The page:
You’re stubborn. You’ve been hurt in the past. You’ve tried traditional treatment for ADD before, and you were treated like anything but a human being. You feel like you’re at your limit. Like nobody gets you. You didn’t feel respected or heard by the people who gave the doctors the go-ahead to start treating you. You were young. You didn’t know any better. You were bullied. I can’t say for sure, but you might have seen your therapists more than you saw your parents.
I can understand why you flat-out refused to accept help from Student Support Services when you went away to college. After all, you thought you had dealt with everything before college was even on your radar. You didn’t need help. You would be fine.
I’m sorry to kick you off your high horse, but you did need help.
You needed help because you were struggling. You didn’t want to admit it, though. You didn’t want to admit it because you equated it with getting the biggest bullhorn in the world, climbing to the top of the academic buildings, and yelling, “I’m disabled!” at the top of your lungs. Dramatic? Maybe, but back then, that’s what you thought it was. Accepting your ADD diagnosis felt like defeat. Weakness. And you weren’t supposed to be weak.
I’m not going to say that the heavens opened up when you finally went to Student Support Services (after a very long summer where you saw more doctor’s offices than sunlight) and handed them your diagnosis (which was seven years old by that point). The truth is that they didn’t. Things didn’t magically fall into place. You didn’t just breeze through the rest of your time there. You still had to work hard. But what I’m trying to tell you is that help doesn’t always hurt you. Yes, your experience taught you otherwise. But you also had another experience, one that was the complete opposite.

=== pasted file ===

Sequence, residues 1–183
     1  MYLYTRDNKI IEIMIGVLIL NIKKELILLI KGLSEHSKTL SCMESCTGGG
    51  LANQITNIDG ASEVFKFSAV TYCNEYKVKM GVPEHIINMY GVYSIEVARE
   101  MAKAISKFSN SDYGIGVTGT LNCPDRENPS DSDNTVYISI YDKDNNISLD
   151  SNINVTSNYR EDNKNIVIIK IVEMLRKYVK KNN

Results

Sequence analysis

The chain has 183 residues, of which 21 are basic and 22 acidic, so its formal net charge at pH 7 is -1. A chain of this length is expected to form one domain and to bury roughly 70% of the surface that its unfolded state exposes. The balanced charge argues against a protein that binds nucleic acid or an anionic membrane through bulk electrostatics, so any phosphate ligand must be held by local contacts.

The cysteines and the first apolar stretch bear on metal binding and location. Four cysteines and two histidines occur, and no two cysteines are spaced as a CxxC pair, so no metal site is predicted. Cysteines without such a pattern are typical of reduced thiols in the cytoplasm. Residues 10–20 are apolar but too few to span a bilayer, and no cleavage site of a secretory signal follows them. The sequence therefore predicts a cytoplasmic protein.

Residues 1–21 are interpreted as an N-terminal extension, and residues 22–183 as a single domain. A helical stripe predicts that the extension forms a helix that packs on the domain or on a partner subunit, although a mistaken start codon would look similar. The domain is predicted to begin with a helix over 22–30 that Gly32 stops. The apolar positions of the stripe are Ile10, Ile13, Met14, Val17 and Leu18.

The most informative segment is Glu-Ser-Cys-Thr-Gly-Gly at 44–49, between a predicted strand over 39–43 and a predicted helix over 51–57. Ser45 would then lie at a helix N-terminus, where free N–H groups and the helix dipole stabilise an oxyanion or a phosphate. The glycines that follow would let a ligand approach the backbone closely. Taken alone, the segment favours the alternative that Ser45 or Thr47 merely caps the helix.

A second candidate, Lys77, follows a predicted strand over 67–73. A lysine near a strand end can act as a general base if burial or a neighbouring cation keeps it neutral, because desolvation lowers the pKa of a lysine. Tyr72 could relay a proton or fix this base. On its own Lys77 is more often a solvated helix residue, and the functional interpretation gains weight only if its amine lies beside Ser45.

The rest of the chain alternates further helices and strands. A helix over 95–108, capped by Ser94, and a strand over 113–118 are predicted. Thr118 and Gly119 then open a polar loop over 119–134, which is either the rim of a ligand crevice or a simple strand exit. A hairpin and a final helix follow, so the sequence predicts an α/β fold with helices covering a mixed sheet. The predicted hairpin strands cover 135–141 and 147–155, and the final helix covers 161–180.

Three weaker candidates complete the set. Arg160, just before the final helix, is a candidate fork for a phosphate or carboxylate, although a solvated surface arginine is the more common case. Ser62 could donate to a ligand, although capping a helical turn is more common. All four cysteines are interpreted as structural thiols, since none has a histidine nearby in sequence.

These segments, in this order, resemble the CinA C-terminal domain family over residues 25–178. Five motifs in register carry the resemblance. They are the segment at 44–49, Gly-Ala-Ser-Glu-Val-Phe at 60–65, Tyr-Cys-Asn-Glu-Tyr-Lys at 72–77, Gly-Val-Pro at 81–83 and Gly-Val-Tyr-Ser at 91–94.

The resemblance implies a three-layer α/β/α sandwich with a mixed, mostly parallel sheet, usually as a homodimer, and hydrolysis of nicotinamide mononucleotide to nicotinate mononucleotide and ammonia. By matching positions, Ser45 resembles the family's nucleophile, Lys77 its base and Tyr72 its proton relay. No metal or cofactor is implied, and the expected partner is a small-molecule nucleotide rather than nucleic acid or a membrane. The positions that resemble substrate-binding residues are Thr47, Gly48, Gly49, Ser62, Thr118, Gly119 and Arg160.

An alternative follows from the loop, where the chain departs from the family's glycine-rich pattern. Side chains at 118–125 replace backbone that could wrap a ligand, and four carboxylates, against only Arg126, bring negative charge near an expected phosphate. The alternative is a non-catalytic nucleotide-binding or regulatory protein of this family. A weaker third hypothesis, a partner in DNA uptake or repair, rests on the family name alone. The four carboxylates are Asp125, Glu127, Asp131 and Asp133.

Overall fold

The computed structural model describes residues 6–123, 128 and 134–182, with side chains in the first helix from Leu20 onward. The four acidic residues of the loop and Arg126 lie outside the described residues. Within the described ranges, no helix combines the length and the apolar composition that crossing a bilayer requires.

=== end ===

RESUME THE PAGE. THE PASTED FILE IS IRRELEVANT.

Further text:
Your friends supported you when your mentor died; a member of staff even left a note of condolence in your campus mailbox. You were able to look at a classmate’s notes and realize, “That’s what the professor was saying!” instead of stressing yourself out over details. And eventually, you found techniques that worked for you. Techniques that helped you show that yes, you really did belong in that environment.
You discovered that you had incredible professors who (for the most part) went out of their way to help you succeed. They helped you understand concepts you couldn’t quite wrap your head around while you poured over your textbooks. They agreed to let you set your own deadlines for assignments so you could be sure to turn in a quality assignment on time that you could be proud of.
My point isn’t that everything gets to a point where everything is hunky dory and you just breeze through. My point is that help doesn’t always have to hurt. And sometimes all you need to do is look at the parts of your experience that you might consider insignificant to figure out why.
Follow this journey on Alisa Tanaka.
The Mighty is asking the following: Write a letter to your teenaged self when you were struggling to accept your differences. If you’d like to participate, please send a blog post to [email protected] Please include a photo for the piece, a photo of yourself and 1-2 sentence bio. Check out our Submit a Story page for more about our submission guidelines.